TEL AVIV – President Donald Trump’s dressing down of Palestinian Authority President Mahmoud Abbas over his lies about incitement has finally brought the issue to light, a top American Jewish leader told the Algemeiner this week.
Executive vice chairman and CEO of the Conference of Presidents of Major American Jewish Organizations (CoP) Malcolm Hoenlein slammed Abbas for being “directly involved in incitement.”
“Trump’s remonstrations with Abbas over his lies on incitement I think were very important to this issue finally being recognized,” Hoenlein said.
“Abbas had not been held to account in the past and it had to be done,” he added. “Hopefully it will be sustained pressure with real consequences for continued violations.”
He praised Trump for “reaffirm[ing] the U.S.-Israel relationship and personaliz[ing] it” during his “very positive” visit to Israel last month.
Hoenlein, who was present when Trump visited the Western Wall, said the visit was “solemn.”
“I think the historic significance was largely… he put on a yarmulke, went to the Kotel and prayed, and he declared it, certainly by his actions and his words, that it is a Jewish site,” he said.
He also said that the fact that Trump didn’t force a trilateral meeting between Prime Minister Benjamin Netanyahu and Abbas shows that “he is realistic about the prospects for a negotiated settlement at this moment. It’s very complicated, it’s not simply bringing leaders together, especially when one side has negated every opportunity. Hopefully, we may see other approaches — like interim steps and agreements and a regional approach to support the parties.”
“I do think there are prospects now that are being looked at and we’ll see,” Hoenlein continued. “But any talks must be held directly between Netanyahu and Abbas, and should be encouraged, but not forced, otherwise they will not work.”
He said he hopes Trump will find the “right way” to move the U.S. embassy from Tel Aviv to Jerusalem without overturning the Arab world.
Hoenlein also said his organization supported the Taylor Force Act — legislation that would cut U.S. funding to the Palestinian Authority so long as it continues to provide financial support to the families of perpetrators of attacks against Israelis and Israeli-Americans.
The CoP head also praised Trump for improving Israel’s stance at the UN, especially with the appointment of Nikki Haley as his envoy at the global body.
“The tone and the messages have been much stronger,” Hoenlein said. “We do still see bias against Israel at the UN, but I think it is being addressed more seriously, led by the U.S.”
“There are a number of UN reports related to Israel that are due to come out now that are not based on non-biased assessments and we are still seeing the spewing of bile against Israel,” he went on to say. “Unfortunately, the anti-Israel coalition still exists, but there is progress. Hopefully, many of those who profess support will manifest it in their votes at the UN.”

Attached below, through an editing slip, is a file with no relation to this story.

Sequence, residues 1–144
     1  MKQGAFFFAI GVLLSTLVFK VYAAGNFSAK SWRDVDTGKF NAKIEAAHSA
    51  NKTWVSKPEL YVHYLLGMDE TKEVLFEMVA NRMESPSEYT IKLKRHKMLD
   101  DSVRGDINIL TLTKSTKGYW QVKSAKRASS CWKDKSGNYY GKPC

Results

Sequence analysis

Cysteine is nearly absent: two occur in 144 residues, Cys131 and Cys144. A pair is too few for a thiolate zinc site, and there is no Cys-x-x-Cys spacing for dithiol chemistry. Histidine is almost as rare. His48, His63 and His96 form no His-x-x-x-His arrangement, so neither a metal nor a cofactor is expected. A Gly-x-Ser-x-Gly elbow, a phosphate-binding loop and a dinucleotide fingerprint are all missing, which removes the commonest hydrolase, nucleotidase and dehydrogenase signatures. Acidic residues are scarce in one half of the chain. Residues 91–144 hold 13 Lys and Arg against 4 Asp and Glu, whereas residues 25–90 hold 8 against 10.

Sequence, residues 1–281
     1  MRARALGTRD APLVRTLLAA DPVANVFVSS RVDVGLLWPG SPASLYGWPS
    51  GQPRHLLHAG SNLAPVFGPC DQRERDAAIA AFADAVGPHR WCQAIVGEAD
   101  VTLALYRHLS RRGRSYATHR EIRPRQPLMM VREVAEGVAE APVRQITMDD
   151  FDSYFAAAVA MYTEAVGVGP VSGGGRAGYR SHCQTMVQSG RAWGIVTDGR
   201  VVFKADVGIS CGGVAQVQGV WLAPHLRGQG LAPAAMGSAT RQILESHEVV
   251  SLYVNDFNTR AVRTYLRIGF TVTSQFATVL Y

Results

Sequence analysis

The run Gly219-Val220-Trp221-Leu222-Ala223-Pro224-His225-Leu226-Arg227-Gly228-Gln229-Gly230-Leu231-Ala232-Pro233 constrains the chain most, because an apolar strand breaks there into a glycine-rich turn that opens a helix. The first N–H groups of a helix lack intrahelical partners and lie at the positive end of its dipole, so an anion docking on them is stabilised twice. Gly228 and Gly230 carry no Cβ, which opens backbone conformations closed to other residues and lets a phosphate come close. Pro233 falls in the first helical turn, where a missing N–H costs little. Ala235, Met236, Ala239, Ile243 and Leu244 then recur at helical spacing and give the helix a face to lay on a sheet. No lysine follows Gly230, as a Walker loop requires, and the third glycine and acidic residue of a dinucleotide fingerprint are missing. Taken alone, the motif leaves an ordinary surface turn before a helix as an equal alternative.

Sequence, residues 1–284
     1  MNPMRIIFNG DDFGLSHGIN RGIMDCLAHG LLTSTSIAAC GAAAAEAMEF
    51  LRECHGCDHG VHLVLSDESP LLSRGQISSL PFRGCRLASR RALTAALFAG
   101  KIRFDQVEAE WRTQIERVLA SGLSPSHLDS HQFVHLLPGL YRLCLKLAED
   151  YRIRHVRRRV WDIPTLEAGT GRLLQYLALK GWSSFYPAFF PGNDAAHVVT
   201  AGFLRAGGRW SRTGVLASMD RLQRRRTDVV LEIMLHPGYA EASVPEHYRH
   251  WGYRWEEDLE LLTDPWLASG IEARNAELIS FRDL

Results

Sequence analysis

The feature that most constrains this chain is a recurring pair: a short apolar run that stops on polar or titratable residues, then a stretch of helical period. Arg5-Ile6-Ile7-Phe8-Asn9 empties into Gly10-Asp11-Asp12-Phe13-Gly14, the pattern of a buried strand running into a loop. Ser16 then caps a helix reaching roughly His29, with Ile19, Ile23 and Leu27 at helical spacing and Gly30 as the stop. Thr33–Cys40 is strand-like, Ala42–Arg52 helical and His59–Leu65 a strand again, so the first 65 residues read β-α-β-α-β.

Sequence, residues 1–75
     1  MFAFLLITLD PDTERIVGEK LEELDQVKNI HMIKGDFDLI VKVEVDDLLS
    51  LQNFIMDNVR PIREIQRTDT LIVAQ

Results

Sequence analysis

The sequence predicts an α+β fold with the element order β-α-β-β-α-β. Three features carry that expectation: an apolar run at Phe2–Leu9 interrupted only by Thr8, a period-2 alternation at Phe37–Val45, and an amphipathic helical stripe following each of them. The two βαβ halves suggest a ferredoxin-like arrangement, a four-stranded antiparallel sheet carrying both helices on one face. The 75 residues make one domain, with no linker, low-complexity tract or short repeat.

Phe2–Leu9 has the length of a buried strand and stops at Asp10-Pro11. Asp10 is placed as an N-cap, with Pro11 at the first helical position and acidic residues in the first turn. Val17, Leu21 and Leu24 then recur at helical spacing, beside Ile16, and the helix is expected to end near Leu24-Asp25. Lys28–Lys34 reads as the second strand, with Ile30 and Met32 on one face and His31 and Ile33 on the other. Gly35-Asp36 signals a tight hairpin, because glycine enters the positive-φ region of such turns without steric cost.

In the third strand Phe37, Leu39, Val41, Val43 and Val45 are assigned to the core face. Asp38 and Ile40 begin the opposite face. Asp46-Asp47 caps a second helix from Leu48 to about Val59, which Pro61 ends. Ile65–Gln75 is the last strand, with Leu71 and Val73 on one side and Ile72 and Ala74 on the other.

He added that Israel’s standing in other parts of the world is also strengthening. “While some people are working to isolate Israel, there are many countries — including India and China — which are expanding their relations with Israel dramatically,” he said.
Hoenlein also said he was skeptical that employees of the UN’s relief agency for Palestinian refugees were entirely unaware that Hamas had dug a terror tunnel under two of its schools in the Gaza Strip.
“Even though they have issued statements condemning it, it’s hard to believe that UNRWA employees had no idea about it,” Hoenlein said. “UNRWA has lost its reason for existence, it should be folded into existing agencies. The perpetuation of the Palestinian refugee issue for three generations is not justifiable.”
He slammed Iran’s continued violations of human rights and its aspirations towards regional hegemony.
“President Trump made some strong statements that I think put Iran on notice,” Hoenlein stated. “The recent election in Iran should not be misread. It was not a question of a moderate winning. [Hassan] Rouhani is just a degree less radical. Executions, human rights violations, expansion of Iran’s ballistic missile program and perhaps its nuclear program, all have continued to increase under Rouhani. He may just dress up the policies better than [Mahmoud] Ahmadinejad and others did. And it’s still the supreme leader [Ayatollah Ali Khamenei] who rules ultimately.”
“There are things we could do, that have not been done, to challenge the Iranian government and give support to the elements in that country who want to bring real change,” Hoenlein continued. “Iran is moving to control Iraq, Syria and Lebanon. It wants to build a road straight across to the Mediterranean Sea through these countries, which would give it a supply route to the whole area and bring it close to the border with Israel. They want to sustain the military bases they built in Syria and the ability to control the ‘Shiite Crescent’ that [Jordanian] King Abdullah warned about. There is so much going on and Iran is moving ahead aggressively on various fronts.”
Hoenlein also said that it was of vital importance not to turn a blind eye to the recent arrests of two Hezbollah members in the U.S.
“Attention must be paid to this,” he told the Algemeiner. “Many Americans think Hezbollah is someone else’s problem, but you see they are active here. There are many cases in the U.S. that hardly get noticed. People should remember they are active everywhere.”